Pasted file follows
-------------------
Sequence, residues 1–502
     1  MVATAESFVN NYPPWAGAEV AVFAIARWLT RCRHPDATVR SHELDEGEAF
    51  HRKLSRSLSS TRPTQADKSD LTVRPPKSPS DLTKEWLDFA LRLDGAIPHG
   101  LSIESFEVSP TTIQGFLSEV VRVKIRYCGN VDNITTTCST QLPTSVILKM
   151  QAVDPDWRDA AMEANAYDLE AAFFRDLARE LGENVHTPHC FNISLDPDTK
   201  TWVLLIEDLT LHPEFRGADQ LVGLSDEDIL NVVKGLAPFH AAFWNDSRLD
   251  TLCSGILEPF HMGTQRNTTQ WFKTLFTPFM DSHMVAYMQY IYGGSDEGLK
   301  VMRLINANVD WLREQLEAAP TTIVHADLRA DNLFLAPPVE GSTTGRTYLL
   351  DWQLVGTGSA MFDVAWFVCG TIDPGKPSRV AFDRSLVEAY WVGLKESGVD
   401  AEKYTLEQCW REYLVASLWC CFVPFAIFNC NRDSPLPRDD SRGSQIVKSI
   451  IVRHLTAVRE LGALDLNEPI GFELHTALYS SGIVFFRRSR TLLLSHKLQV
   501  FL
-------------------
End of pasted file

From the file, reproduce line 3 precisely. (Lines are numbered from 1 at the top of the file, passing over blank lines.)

    51  HRKLSRSLSS TRPTQADKSD LTVRPPKSPS DLTKEWLDFA LRLDGAIPHG